Greetings, loyal reader. Last week Bruce and Mary took you on a tour of the famous Merida Mercado, Lucas de Galvez. This week they shift gears and do their shopping at Walmart. Please join them as they do their Sunday shopping. For those of youÂ who prefer to read these posts from Bruce’s original blogsite, please click here.
We were not Walmart shoppers back in the states as we were in that group of consumers who think that all things Walmart are evil. Well, Joey, our youngest and the one with a business degree wrote a paper on Walmart’s International business model and he told us that you can think what you want to about their USA business practices but Walmart International is, well… not quite so bad, at least not so bad that we have to be total hypocrites to shop there and it is awfully convenient. In my 10 minutes of research I did discover a couple of things. One, American Walmart employees are the only Walmart employees in the world that are not unionized and two, 74% of American Walmart shoppers voted for “W” in the 2004 pres election. You can interpret that however you see fit. Anyway, letting pix replace my usual thousands of word of text, here is our typical Walmart shopping experience.
You can see Mary on the right as we walk the six blocks to Walmart down beautiful Paseo de Montejo, the Champs de Elysees (I know, I always say that) of Mexico. There is little traffic on Sundays and it is a very serene stroll.
I could not resist these Empanadas de Cazon, these tasty treats are conventional empanadas stuffed with ground baby shark, mmm! A Yucatecan dish that I love, that is commonly served Fridays in Cocinas Economicas is Pan de Cazon, a delectable dish of tortillas sandwiched with Cazon and covered in a picante tomato red sauce.
Nopales, cactus, and other produce. These nopales are cleaned and scraped and ready for cooking. I really like nopales but some people complain of their strong taste and, in some dishes, slimy texture.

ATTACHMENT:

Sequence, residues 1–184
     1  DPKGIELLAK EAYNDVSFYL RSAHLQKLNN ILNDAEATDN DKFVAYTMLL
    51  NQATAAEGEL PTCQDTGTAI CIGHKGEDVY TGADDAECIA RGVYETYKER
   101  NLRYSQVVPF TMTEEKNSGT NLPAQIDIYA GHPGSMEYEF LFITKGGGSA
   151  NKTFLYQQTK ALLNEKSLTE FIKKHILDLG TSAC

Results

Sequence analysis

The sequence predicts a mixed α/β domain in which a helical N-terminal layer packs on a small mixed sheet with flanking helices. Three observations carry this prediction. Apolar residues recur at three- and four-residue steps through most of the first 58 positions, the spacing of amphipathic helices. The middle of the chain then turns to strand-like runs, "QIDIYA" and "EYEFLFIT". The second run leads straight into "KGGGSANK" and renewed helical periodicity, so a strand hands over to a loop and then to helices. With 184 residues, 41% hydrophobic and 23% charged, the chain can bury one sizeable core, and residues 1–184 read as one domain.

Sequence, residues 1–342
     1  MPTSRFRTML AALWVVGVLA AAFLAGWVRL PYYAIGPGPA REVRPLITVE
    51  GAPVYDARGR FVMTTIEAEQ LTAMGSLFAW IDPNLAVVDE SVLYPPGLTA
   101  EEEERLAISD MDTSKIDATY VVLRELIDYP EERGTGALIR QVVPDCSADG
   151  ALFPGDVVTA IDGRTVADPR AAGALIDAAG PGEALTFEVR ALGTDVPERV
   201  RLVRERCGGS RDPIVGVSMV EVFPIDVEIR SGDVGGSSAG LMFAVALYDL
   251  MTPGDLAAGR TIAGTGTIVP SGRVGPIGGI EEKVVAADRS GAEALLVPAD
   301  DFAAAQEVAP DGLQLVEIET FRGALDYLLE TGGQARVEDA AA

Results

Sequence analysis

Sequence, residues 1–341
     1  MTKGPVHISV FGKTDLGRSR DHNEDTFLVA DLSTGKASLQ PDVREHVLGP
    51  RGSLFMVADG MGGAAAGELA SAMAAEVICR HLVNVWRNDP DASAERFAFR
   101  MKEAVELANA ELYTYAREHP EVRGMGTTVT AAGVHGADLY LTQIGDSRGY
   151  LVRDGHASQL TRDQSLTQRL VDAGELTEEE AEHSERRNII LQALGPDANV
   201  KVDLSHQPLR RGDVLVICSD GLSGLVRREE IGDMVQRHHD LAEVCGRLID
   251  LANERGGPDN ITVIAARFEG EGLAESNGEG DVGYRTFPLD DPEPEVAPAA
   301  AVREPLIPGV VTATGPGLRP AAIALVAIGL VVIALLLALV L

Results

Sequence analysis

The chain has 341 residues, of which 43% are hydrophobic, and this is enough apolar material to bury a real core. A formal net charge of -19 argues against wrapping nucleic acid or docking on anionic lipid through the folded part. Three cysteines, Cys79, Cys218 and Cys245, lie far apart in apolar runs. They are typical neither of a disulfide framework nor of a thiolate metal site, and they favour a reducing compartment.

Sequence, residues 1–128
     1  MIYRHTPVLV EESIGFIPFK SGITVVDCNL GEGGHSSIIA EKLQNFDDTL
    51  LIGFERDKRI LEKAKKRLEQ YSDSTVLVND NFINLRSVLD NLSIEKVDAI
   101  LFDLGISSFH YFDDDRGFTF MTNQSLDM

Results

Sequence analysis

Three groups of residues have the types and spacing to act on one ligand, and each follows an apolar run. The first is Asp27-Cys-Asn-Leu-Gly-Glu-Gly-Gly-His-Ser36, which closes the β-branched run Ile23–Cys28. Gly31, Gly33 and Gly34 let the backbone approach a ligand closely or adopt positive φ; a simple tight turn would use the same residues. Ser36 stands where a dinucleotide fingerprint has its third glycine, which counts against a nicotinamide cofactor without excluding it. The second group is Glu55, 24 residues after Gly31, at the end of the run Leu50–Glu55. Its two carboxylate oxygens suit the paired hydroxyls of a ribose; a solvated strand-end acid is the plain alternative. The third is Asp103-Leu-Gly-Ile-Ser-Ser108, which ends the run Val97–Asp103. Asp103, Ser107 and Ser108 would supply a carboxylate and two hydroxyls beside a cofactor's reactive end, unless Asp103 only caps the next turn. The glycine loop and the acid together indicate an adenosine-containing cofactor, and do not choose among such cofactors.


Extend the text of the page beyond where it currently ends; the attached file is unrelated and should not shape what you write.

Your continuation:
Salchichoneria pretty much means “Hot Doggery”. Mexicanos have a love affair with hotdogs in all shapes and sauces. When we ordered our first pizza down here we thought Salchicha meant sausage. We were a little disappointed. I must say that other meats are offered in this department as well. Mary quite often orders a kilo or so of sliced Pavo de Virginia, Virgina Turkey Ham.
Sardinas y Atun, Sardines and Tuna are very big here. I get a little frustrated because as much as I like Guayamex Sardines you can’t count on them, here. My favorite is Sardinas de Chipotle and for a while they were offering two tins for 20P, a heck of a deal. Now they don’t even stock them so I switched to Sardinas Aciete, Sardines in Soybean oil and it was offered for the same two for 20P. Now it is 23P per tin so I bought some Sardinas de Tomate for 19P per tin. Consistencies in inventories is not a priority down here.
La Panaderia, the bakery. The procedure is to grab a platter and select your treats and stand in line to have them super sealed (Mexicanos are the kings of saran wrap) with the cost and UPC slapped on your hermetically sealed goodies for processing at la caja, the cash register.
Mary secures our taxi. Although we enjoy our leisurely stroll to Walmart there is no way that we are lugging our groceries all the way home. These taximetros, metered taxis, take us to our door step for 20P, about $1.80.
And that my friends is our typical Mexican Walmart experience.
Thanks for visiting gentle reader. Bruce hopes you enjoyed this pictorial, he sure did as it is a lot easier than the usual post. As usual, Bruce loves hearing from his readers and he would bet that a lot of you MeridanosÂ have a lot to add to this post. Hasta pronto!